By now I’m feeling like I’m torturing my readers. I feel them all moaning: Pumpkin, again?! Everyone around me in the food blogosphere is already getting ready for Christmas, flooding blogs and social media with cookie and festive recipes and I’m just sitting here still cooking pumpkin dishes. But to be honest, I don’t care. I did bake Christmas cookies last weekend with my Mum, like we do every year and they turned out the same like every year: Delicious but not very pretty. I told you many times, I am not a fancy baker, so I’ll leave those recipes to those people who can do it very well. I’m doing what I can do well and this amazing pumpkin risotto definitely falls into that category.
I have to admit that risottos have found their way into my kitchen quite late. The reason for that is, that my parents don’t like risottos (that’s what they say, but I believe they never had a good one, to be honest), so we never had them at home. I only know dry rice dishes, like spanish paella, so this whole creamy, liquid affair was new to me. But I fell in love so so hard with risottos and especially this pumpkin risotto. It’s the ultimate comfort food. It’s hot, steaming, creamy, rich goodness, packed with herbs and flavour. What’s not to love?
I still hear people saying nowadays: Oh, I don’t cook risottos, they are too complicated! I find that baffling, because if you give that dish a little TLC, you get an amazing result with little effort. You have to stick to some ground rules (see the recipe), give it some attention and in 30-40 minutes you’ll have a restaurant style risotto. And of course the possibilities are endless. Give it a try!
- 200 g fresh squash or pumpkin diced
- 100 g pancetta finely diced
- 1 onion finely chopped
- 1 cup risotto rice
- 1 cup white wine
- 4 cups chicken stock
- 1 cup pumpkin puree
- 1 tsp rosemary
- 1 tsp thyme
- ½ cup parmesan cheese
- 1 tbsp butter cold
- Heat a small pan over medium heat and add the pancetta and the diced, fresh pumpkin. Cook for 10-12 minutes until the pumpkin cubes are slightly brown and soft. Season with salt and pepper if necessary Set aside.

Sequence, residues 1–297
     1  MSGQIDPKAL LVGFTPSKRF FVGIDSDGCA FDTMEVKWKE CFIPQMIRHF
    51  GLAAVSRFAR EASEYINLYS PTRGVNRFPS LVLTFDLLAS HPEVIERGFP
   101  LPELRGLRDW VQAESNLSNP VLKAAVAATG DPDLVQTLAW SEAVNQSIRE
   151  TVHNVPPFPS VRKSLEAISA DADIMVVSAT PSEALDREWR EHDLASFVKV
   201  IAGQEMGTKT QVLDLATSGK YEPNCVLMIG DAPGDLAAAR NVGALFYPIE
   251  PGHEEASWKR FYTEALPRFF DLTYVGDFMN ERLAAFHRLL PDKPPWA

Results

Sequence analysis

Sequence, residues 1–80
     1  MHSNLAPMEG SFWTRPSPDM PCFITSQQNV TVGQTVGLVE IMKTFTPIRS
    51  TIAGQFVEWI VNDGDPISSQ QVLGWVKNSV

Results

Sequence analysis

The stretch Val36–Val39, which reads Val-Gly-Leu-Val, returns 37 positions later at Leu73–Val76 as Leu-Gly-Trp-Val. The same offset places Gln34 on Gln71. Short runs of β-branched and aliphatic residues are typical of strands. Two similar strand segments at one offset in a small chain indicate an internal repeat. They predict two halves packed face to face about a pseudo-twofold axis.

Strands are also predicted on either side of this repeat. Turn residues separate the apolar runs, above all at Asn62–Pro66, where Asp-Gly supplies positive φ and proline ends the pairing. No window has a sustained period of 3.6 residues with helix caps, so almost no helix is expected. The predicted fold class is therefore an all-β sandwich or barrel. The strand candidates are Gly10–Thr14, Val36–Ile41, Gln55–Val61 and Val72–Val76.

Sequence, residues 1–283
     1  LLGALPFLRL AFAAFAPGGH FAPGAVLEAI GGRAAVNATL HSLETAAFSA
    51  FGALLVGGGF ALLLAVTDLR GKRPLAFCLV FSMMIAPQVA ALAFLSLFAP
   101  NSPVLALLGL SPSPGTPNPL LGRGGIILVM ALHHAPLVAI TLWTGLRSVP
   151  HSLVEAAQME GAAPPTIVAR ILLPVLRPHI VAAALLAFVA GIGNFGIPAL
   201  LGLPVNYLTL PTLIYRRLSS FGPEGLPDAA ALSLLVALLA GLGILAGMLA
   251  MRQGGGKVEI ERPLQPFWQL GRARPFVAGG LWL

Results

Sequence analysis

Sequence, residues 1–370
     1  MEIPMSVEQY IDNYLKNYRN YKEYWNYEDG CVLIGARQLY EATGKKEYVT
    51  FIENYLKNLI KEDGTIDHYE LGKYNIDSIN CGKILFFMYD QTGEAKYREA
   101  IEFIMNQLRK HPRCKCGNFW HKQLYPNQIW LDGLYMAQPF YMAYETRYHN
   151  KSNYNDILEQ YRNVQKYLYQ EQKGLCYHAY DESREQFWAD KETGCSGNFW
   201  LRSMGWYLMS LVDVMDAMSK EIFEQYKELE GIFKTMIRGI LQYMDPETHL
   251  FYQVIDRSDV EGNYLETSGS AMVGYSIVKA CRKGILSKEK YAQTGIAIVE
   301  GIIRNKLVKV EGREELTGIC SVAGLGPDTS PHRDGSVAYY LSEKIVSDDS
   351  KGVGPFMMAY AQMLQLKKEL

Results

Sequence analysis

- In a small sauce pan, bring the chicken stock to a simmer and turn down the heat to leave it hot during the entire cooking process.
- Heat a splash of olive oil in a big pot over medium high heat, add the onions and slowly cook them, stirring occasionally, until they are soft and translucent. 5-8 minutes.
- Add the risotto rice and toast the rice for 4-5 minutes until it smells fragrant and nutty.
- Now add the white wine, reduce the heat and start stirring.
- You don't have to stir constantly, but it's important to stay close to the pot and give it a stir every 30-60 seconds to release the starch in the rice, that gives the risotto its creamy texture. You do not want the rice to stick to the bottom of the pot, so watch the heat. The goal is too keep the risotto liquid during the cooking process. My rule of thumb is: If you see the bottom of the pot during stirring, you need to add more liquid. So whenever you feel the rice gets too dry, add another ladle full of chicken stock.
- After two portions of chicken stock, add the pumpkin puree, the thyme and rosemary and season it carefully with salt and pepper. Be careful, because the chicken stock brings salt to party already.
- Keep adding liquid to the risotto until the rice is cooked, but not too soft. Risotto is not supposed to be super soft.
- Make sure you add enough liquid in the end, so your risotto is still flowing when you plate it. Risotto is never supposed to stand up in heap, but rather melt onto the plate.
- Take the rice off the heat, stir in half the pumpkin/pancetta mix,
- Finally stir in the butter and the parmesan, adjust the seasoning if necessary and serve immediately. Sprinkle each plated risotto with the leftover pumpkin/bacon mix.
If you have some leftover roasted pumpkin or squash, like from this recipe, you could easily make your puree from that. Just be carefull with the herbs in the recipe, since the roasted pumpkin is already seasoned. But the flavour of home roasted pumpkin turned into puree is definitely superior to anything canned.